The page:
Redundant primitive sequences are treated similarly, with the exception that the redundant primitive sequence is detected after three consecutive primitives by the SAS port 202, but when the fiber channel port 204 receives the encapsulated frame of
Control starts at block 1000, where a first special character (e.g., a K character) encoded in a first protocol (e.g., SAS protocol) is transmitted across a first communications link 102 (e.g., a SAS link).
The transmitted first special character is received (at block 1002) at a first interface 120A (e.g., a SAS extender) between the first communications link 102 and a second communications link 104 (e.g., a fiber channel link).
The first special character is converted (at block 1004) to a second special character encoded in a second protocol, wherein the first special character is also defined for encoding in the second protocol (i.e., the K character is defined and permitted to be used in both the SAS and the fiber channel protocol). The conversion may take place in the first interface 120A.
Control proceeds to block 1006, where the first interface 120A may transmit the second special character across the second communications link 104. For example, the SAS extender 120A may transmit the D-character across the fiber channel link 104.
The second special character is received (at block 1008) at a second interface 120B (e.g., a SAS extender) between the second communications link 104 and a third communications link 106 (e.g., a SAS link). For example, in certain embodiments the SAS extender 120B receives D characters transmitted across the fiber channel link 104.
Control proceeds to block 1010, where the second interface 120B converts the second special character back to the first special character. The second interface 120B then transmits (at block 1012) the first special character across the third communications link.
Therefore, in certain embodiments an initiator 110 may transmit SAS frames or primitives over the SAS link 102. The SAS extender 120A converts K-characters in the SAS frames or primitives to D-characters for transmission across the fiber channel link 104 and the modified SAS frames or primitives are encapsulated within a fiber channel frame. The SAS extender 120B receives the fiber channel frame and converts D-characters back to K-characters to generate a SAS frame or primitive to transmit to the target 112 over the SAS link 106. As a result, the initiator 110 and target 112 which both use the SAS protocol for communications can communicate over long distances (such as over a kilometer) by using the SAS extenders 120A, 120B that are coupled via the fiber channel link 104.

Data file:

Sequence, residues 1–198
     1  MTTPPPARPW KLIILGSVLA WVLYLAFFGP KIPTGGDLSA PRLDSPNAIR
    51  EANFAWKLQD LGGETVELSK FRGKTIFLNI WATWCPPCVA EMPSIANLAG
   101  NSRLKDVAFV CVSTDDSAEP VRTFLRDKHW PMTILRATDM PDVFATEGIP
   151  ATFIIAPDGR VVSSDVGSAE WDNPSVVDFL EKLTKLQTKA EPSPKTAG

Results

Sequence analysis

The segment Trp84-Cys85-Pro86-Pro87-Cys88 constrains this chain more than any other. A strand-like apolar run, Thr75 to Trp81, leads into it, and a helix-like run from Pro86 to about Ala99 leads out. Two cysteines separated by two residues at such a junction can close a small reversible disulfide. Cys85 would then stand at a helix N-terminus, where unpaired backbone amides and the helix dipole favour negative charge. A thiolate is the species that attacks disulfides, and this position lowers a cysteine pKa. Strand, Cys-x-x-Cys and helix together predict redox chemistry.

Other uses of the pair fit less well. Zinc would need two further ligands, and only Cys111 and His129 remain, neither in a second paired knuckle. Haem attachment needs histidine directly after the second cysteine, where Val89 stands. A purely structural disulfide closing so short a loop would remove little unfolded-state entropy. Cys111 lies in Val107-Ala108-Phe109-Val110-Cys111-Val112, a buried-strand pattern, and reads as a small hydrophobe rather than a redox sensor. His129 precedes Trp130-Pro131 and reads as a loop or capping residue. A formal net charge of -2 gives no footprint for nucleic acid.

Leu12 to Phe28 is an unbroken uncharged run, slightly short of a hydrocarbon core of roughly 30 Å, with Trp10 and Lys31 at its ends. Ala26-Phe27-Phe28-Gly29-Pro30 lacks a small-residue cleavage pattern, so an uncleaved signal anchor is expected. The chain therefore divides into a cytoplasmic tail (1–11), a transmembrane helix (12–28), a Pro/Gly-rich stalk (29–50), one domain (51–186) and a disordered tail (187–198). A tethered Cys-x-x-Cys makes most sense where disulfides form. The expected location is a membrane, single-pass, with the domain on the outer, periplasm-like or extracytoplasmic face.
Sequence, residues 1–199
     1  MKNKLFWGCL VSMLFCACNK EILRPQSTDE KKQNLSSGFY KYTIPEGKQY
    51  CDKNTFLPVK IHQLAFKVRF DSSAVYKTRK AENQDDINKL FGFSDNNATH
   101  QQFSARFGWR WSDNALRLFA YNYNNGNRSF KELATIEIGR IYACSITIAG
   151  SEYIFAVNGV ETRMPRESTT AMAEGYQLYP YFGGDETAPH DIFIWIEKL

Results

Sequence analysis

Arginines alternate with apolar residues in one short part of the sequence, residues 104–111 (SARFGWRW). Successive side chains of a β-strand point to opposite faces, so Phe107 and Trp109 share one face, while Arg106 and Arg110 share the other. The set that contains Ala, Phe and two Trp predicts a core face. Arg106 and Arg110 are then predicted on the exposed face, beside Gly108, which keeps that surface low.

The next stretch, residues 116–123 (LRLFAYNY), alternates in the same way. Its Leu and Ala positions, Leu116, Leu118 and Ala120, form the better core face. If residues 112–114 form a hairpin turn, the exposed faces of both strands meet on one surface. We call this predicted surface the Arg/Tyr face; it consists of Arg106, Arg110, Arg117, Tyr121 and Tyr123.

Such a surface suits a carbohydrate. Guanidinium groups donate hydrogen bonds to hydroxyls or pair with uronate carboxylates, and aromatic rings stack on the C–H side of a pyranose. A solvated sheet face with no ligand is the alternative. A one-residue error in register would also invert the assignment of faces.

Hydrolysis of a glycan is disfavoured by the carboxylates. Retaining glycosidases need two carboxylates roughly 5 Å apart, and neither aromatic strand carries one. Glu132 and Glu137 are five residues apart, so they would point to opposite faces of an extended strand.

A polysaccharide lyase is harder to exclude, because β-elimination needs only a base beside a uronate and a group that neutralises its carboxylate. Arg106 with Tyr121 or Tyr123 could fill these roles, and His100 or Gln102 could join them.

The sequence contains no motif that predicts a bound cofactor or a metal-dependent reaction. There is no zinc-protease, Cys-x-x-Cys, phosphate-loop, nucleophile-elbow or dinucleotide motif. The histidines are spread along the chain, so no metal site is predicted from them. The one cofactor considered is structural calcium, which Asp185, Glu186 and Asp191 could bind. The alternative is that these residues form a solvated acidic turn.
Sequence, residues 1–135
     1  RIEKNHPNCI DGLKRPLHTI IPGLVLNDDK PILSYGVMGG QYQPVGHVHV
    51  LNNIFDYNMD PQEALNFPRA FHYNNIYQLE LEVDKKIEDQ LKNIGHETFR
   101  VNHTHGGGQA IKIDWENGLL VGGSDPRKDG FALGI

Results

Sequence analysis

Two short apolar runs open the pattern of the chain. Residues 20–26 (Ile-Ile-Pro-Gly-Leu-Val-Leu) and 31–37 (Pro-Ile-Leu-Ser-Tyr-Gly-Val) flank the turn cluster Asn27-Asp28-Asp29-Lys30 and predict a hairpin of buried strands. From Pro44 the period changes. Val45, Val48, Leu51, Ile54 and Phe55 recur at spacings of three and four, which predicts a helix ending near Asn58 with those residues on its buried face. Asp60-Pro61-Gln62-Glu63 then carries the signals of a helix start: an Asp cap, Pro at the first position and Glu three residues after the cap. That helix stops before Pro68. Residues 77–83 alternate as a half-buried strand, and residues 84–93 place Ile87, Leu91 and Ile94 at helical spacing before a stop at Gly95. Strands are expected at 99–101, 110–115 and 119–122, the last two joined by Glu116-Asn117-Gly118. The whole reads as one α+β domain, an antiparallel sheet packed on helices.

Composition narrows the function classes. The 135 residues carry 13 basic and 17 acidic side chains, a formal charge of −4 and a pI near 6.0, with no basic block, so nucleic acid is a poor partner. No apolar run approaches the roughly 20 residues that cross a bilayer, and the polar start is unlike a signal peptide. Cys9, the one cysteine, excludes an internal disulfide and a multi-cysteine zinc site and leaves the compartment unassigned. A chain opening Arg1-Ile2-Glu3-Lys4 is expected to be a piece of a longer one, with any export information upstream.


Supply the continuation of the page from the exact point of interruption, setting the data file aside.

Certain embodiments allow the transporting of SAS or SATA sequences over either fiber channel or Ethernet. In certain embodiments K-character types are preserved via a simple translation to D characters. In alternative embodiments a mapping scheme may be used to preserve the K character types. While embodiments have shown a simple mapping of K to D characters, other embodiments may utilize different mappings. Certain embodiments may use the unspecified routing and info category in the R_CTL (Routing Control) in the fiber channel Header (R_CTL=00). A frame forwarding methodology is used and primitives may be encapsulated within a fiber channel or an Ethernet frame.
The described techniques may be implemented as a method, apparatus or article of manufacture involving software, firmware, micro-code, hardware and/or any combination thereof. The term “article of manufacture” as used herein refers to code or logic implemented in a medium, where such medium may comprise hardware logic [e.g., an integrated circuit chip, Programmable Gate Array (PGA), Application Specific Integrated Circuit (ASIC), etc.] or a computer readable storage medium, such as magnetic storage medium (e.g., hard disk drives, floppy disks, tape, etc.), optical storage (CD-ROMs, optical disks, etc.), volatile and non-volatile memory devices [e.g., Electrically Erasable Programmable Read Only Memory (EEPROM), Read Only Memory (ROM), Programmable Read Only Memory (PROM), Random Access Memory (RAM), Dynamic Random Access Memory (DRAM), Static Random Access Memory (SRAM), flash, firmware, programmable logic, etc.]. Code in the computer readable storage medium is accessed and executed by a processor. The medium in which the code or logic is encoded may also comprise transmission signals propagating through space or a transmission media, such as an optical fiber, copper wire, etc. The transmission signal in which the code or logic is encoded may further comprise a wireless signal, satellite transmission, radio waves, infrared signals, Bluetooth, etc. The transmission signal in which the code or logic is encoded is capable of being transmitted by a transmitting station and received by a receiving station, where the code or logic encoded in the transmission signal may be decoded and stored in hardware or a computer readable medium at the receiving and transmitting stations or devices. Additionally, the “article of manufacture” may comprise a combination of hardware and software components in which the code is embodied, processed, and executed. Of course, those skilled in the art will recognize that many modifications may be made without departing from the scope of embodiments, and that the article of manufacture may comprise any information bearing medium. For example, the article of manufacture comprises a storage medium having stored therein instructions that when executed by a machine results in operations being performed.